By Stacey Graham
“Loyalists have had it easy”- That is what an anonymous Twitter account told me today after I shared Loyalist Jim Wilson’s opinion piece on policing.
Jim (rightly) highlighted in his piece that relations between the RUC and Loyalists were not as some would lead us to believe and the narrative that it was only Republican and Nationalist communities who suffered at the hands of the RUC is simply not true.
Police reform was central to the peace process and the Belfast agreement, but there was a critical failure in how the focus was on Nationalist/Republican communities purely because of the false narrative perpetuated by Republicans that Loyalists were “cosy” with the RUC.
While some in the leafy suburbs may think we are living in peace because the bombs and guns have stopped, we are not. Communities like my own on the Shankill continued to suffer post-Agreement to a point where the relationship with the police has been repeatedly fractured. The injustices and brutality which the PSNI have subjected my community to must be acknowledged and not erased from the history books.
Some would say “What do you know? You never saw the worst of the troubles, I lived through it.” And they’re right. I didn’t live through the worst of The Troubles. I grew up in a time where we were supposedly living in peace, yet I witnessed multiple horrific incidents of police brutality and I know I’m not alone in that. If Loyalists have had it easy why did police officers follow me in an unmarked car when I was a child shouting that female members of my family were “sluts and orange whores”?
If Loyalists have had it easy why did I watch my community swamped by heavily armed officers as they trailed teenage boys from a house and beat them?
If Loyalists have had it easy why were members of my family harassed for months on end during the flag protests and the Twaddell stand-off?
Why? Because they are Loyalists who chose to stick their heads above the parapet and stand for the rights of their community in a peaceful manner. Was this not their human and democratic right or does social equity not apply to the loyalist and unionist community in the new ‘dispensation’?
Have we really come a long way since the days of Whiterock, Flag protests and Twaddell or is it a case there was the usual ‘love bombing’ and promises of “looking at how mistakes aren’t repeated” until the heat died down in the community until the next crisis and the boot was put on the community’s neck again?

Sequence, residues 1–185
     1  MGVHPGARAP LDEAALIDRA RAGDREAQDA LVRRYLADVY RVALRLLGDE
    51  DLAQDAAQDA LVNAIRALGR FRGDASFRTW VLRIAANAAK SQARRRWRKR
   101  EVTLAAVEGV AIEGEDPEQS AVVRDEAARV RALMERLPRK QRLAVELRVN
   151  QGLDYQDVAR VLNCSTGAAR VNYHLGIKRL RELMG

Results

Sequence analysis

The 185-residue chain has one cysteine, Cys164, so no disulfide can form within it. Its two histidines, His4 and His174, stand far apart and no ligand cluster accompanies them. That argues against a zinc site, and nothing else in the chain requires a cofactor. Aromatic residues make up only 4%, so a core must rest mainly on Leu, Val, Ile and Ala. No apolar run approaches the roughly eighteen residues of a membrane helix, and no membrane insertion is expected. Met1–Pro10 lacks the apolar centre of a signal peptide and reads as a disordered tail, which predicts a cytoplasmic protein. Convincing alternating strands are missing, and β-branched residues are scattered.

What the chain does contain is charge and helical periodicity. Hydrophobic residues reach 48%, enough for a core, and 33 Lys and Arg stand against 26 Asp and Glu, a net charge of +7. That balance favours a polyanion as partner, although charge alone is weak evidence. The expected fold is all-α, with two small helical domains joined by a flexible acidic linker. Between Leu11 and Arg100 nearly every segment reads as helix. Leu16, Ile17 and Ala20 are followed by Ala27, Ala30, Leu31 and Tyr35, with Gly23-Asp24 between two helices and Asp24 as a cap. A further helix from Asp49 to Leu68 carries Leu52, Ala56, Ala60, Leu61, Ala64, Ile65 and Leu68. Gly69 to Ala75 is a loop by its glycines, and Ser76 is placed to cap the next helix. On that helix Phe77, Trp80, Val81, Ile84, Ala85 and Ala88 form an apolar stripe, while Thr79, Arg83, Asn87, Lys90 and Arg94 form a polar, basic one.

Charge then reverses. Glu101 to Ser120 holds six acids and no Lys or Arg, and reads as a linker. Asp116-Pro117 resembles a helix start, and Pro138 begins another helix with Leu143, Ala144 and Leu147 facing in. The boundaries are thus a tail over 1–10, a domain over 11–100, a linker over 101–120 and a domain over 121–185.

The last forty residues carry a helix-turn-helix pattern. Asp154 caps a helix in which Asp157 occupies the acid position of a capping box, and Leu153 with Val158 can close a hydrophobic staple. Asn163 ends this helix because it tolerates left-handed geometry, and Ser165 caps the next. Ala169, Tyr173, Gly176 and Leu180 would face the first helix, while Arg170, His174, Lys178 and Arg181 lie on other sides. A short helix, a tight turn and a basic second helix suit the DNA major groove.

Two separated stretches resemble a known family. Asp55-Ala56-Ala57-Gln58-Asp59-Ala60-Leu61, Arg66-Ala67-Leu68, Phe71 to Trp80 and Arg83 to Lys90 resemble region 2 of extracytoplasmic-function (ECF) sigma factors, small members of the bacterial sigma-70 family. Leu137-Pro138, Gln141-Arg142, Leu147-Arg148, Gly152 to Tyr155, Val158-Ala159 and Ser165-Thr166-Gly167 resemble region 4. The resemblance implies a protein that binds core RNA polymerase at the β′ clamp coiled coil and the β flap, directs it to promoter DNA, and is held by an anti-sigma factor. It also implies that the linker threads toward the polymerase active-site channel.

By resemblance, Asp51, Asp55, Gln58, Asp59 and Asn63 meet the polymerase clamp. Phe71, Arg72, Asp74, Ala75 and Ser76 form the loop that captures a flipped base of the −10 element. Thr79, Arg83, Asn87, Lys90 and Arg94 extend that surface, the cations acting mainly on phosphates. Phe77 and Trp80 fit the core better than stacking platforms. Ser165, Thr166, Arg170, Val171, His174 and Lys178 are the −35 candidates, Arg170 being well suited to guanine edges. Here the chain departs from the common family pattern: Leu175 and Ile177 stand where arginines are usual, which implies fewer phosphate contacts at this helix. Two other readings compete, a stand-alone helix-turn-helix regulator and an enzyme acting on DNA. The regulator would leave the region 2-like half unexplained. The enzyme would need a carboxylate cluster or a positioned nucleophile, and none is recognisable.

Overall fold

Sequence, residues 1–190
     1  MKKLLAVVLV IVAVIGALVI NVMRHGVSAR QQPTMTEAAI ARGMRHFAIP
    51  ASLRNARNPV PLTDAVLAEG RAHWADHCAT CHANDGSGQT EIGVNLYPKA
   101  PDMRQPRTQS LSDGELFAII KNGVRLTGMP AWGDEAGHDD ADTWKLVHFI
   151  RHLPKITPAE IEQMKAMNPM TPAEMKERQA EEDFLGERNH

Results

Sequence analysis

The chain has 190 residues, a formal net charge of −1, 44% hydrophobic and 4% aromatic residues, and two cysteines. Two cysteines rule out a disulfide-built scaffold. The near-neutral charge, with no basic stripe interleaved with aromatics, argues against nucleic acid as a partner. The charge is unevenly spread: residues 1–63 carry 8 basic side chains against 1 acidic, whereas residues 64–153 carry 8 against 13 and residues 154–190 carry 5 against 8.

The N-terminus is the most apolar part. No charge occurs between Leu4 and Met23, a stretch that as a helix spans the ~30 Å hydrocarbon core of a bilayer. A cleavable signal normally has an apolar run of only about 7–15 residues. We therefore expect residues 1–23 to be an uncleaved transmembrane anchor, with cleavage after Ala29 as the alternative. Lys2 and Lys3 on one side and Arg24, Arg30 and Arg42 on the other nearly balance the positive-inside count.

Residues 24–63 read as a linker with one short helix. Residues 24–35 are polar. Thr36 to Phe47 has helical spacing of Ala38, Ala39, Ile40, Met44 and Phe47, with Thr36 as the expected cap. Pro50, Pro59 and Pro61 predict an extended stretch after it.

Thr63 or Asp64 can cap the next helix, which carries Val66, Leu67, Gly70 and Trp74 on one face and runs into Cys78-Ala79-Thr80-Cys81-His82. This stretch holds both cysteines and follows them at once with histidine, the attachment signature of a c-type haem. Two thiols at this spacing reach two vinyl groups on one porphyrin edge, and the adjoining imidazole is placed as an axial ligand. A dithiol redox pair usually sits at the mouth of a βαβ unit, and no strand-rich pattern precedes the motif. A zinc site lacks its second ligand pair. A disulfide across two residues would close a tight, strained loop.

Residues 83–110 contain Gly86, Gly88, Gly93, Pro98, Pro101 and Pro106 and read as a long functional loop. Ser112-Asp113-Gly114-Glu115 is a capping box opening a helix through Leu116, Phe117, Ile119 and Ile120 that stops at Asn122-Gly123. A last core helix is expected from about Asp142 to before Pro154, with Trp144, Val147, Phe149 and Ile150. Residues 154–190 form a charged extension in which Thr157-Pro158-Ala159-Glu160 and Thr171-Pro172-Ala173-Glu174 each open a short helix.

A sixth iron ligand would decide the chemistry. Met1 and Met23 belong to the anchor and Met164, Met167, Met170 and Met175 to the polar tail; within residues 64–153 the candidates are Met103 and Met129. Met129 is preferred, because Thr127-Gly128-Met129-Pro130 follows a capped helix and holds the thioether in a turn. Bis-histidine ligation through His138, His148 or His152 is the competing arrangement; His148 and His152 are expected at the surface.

The PSNI handling of the Bobby Storey funeral compared to the over reaction (some would say politically motivated witch hunts after pressure coming from undue Republican and Nationalist influence at PCSP and Policing Board levels) to the peaceful Anti-Protocol protests throughout the Province as well as the recent Rangers 55th Title celebrations has only further highlighted politically motivated, two-tiered policing against the Unionist community.
What needs to be done in addressing the problem? It cannot be a one size fits all approach. Policing approaches that work in affluent areas of North Down will not necessarily be practicable in communities like the Shankill or indeed Loyalist communities in North Down. Probationers tend to come from a middle-class and academic background so do not necessarily understand the nuances of the communities they are serving in.
Let’s look at meaningful engagement and consultation and build on good models of practice. We as a community have a responsibility, a responsibility to hold our politicians and representatives to account.
In order to have our voices heard we must be open to dialogue and engagement. How can we tell decision makers what we need or what’s expected of them if we are not willing to engage? This only leads to gross misrepresentation from those who are engaging.
The PSNI have rightly highlighted in their recruitment drive that they would like to see applications from working class communities. However, they must take one more step forward. They must actively recruit from working class Loyalist areas with targets set and met.
What are the PSNI doing to ensure this happens? It states on the PSNI website that you must have 5 GCSEs or equivalent at grade C or above to be eligible to apply. This is a problem for communities like the Shankill where educational attainment is extremely low. Could this be addressed by working in partnership with local colleges, schools and community organisations to design and implement easier avenues into the PSNI?
Martin Luther King once said “peace does not only mean the absence of war but the presence of justice, law and order – Where is the justice for communities like mine?